If you could only imagine the world you would create if you had no idea what circumstances you would find yourself in, how would that affect your perception of it? John Rawls, a philosopher and author, uses this thought experiment for his moral argument in favor of a just world. This is the “veil or ignorance,” where an individual is shielded from the circumstances in which they were born. It is morally right and in one’s best interests that everyone is treated fairly in this world.
Rawls’ “veil-of-ignorance” thought experiment was meant to expose the injustice in the world. Rawls was a child of the Great Depression in America and had witnessed discrimination against minorities. Rawls also noted the rareness of “rags-to-riches” phenomena. Rawls discovered that there were very few cases in which poor people become rich through extraordinary achievements. This resulted in policymakers and wealthy people adopting a “pull your own bootstraps” attitude to the world. They are less inclined to work to create a fairer world for those less fortunate than they are. Rawls thought of a way to put people in positions where they are more privileged into the shoes that someone could be born into. You might be born in a rich country to good parents or in poverty. The reality of where you were born isn’t always clear. It could be a matter simply of chance. John Rawls suggests a thought experiment in which you’re in a kind of limbo before being born. You are given the task of creating policies that govern the world in which you live. It is in everyone’s best interests to ensure that all people have equal opportunities to grow up in rich and poor situations. It is not worth taking the chance of creating an unbalanced environment and hoping that your life will be better.
It doesn’t mean that a fair world is impossible. A few simple things can help create a more equitable world. These include the right for every person to express their opinions, to be free from discrimination, to have fair trials and to be free from slavery. It is possible to still have wealth inequality in a just and fair world, so long as wealth accumulation isn’t made by exploiting underprivileged workers. The redistribution and assistance to those in need can help reduce wealth inequality. Even if capitalism is a belief system that creates an inevitable separation between the wealthy and the poor, you still believe in fair opportunities for everyone to achieve substantial wealth.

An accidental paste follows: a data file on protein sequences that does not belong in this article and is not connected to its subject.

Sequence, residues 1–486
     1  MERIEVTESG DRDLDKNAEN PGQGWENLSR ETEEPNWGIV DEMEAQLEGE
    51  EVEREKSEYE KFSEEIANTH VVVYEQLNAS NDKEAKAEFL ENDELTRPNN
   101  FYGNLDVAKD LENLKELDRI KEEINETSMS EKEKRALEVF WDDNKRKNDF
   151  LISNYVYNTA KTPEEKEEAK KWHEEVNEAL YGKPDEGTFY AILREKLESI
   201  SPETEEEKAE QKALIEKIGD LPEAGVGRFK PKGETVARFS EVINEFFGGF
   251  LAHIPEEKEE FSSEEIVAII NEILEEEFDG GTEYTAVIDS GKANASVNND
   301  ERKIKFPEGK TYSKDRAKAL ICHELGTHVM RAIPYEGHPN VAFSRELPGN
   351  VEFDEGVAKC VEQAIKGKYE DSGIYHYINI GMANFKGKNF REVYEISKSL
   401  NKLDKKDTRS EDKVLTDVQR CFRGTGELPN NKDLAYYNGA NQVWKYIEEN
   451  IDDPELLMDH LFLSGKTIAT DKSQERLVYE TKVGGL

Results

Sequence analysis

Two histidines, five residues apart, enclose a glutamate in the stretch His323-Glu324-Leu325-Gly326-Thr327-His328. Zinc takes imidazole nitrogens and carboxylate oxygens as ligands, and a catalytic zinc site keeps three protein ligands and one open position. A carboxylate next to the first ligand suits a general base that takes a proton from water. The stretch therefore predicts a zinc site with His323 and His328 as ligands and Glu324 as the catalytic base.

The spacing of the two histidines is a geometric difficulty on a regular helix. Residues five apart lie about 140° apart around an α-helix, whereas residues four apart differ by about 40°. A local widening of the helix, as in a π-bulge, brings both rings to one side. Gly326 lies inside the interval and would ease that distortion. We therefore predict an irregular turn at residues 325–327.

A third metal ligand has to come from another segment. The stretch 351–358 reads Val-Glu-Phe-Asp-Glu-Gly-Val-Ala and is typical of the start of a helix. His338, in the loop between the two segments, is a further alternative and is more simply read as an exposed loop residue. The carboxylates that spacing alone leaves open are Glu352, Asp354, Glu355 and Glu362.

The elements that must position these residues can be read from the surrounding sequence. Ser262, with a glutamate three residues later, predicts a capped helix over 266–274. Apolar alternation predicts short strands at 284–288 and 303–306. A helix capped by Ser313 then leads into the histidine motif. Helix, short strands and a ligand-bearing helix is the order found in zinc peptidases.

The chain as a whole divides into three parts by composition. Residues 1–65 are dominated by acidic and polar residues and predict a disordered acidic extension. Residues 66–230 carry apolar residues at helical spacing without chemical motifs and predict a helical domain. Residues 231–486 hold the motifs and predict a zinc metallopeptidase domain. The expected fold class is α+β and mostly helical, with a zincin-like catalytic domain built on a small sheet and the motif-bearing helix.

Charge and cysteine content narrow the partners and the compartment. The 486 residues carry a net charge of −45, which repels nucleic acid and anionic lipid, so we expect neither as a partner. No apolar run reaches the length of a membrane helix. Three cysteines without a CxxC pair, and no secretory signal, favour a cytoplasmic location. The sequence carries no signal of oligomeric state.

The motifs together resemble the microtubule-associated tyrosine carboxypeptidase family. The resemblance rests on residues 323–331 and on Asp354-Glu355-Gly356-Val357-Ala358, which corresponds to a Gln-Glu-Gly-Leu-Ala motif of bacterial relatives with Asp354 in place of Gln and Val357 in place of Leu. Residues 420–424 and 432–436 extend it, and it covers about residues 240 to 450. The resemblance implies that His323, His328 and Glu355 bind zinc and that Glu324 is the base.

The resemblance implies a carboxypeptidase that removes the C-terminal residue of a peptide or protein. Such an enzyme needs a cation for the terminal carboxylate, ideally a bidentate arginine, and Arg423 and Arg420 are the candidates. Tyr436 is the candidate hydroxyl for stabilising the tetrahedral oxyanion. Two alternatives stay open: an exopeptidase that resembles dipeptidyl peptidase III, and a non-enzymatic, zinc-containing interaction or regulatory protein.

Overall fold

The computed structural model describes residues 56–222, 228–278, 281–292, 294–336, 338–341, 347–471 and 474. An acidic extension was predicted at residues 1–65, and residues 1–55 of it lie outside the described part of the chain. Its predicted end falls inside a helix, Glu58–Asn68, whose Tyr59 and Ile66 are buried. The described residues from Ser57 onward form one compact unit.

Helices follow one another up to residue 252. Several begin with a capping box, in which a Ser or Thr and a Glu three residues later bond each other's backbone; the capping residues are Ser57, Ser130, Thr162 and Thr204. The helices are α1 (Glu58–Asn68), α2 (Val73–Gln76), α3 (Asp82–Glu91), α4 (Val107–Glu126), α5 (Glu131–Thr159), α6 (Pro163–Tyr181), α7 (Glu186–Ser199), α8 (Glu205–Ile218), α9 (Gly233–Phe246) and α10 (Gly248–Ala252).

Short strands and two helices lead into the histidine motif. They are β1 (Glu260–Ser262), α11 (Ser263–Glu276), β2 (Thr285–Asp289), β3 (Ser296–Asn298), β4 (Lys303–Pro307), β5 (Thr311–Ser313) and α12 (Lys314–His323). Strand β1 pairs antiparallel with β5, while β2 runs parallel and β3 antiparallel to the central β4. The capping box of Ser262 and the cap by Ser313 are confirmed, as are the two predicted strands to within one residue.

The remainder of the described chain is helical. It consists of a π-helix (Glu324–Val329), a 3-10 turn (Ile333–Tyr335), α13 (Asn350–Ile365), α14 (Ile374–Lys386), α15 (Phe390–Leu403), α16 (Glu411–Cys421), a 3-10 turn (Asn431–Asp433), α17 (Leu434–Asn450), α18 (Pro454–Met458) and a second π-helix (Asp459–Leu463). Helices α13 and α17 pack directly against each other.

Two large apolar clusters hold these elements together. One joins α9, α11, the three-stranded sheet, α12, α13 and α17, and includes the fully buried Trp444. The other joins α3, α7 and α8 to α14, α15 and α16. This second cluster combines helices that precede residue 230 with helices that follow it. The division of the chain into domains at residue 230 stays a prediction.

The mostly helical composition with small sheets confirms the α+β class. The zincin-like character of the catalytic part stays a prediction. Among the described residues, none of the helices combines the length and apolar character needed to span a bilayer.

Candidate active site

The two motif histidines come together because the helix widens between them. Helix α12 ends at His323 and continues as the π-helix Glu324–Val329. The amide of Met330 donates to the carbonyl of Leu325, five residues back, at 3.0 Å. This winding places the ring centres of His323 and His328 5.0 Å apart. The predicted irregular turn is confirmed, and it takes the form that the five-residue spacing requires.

The law on reciprocity tells us to do unto other people as we would like them to do unto us. We all agree that we must treat each other with fairness as if they were our own. It is difficult to do this in practice, as history has shown. Rawls pointed out that people in privilege are less likely to be confronted with injustices and have the ability to advocate for a fairer world. Rawls illustrated this point by using the “veil o’ ignorance”, which Rawls used to show that anyone would be willing to support a more fair world if they were confronted with the possibility of being born into less perfect circumstances.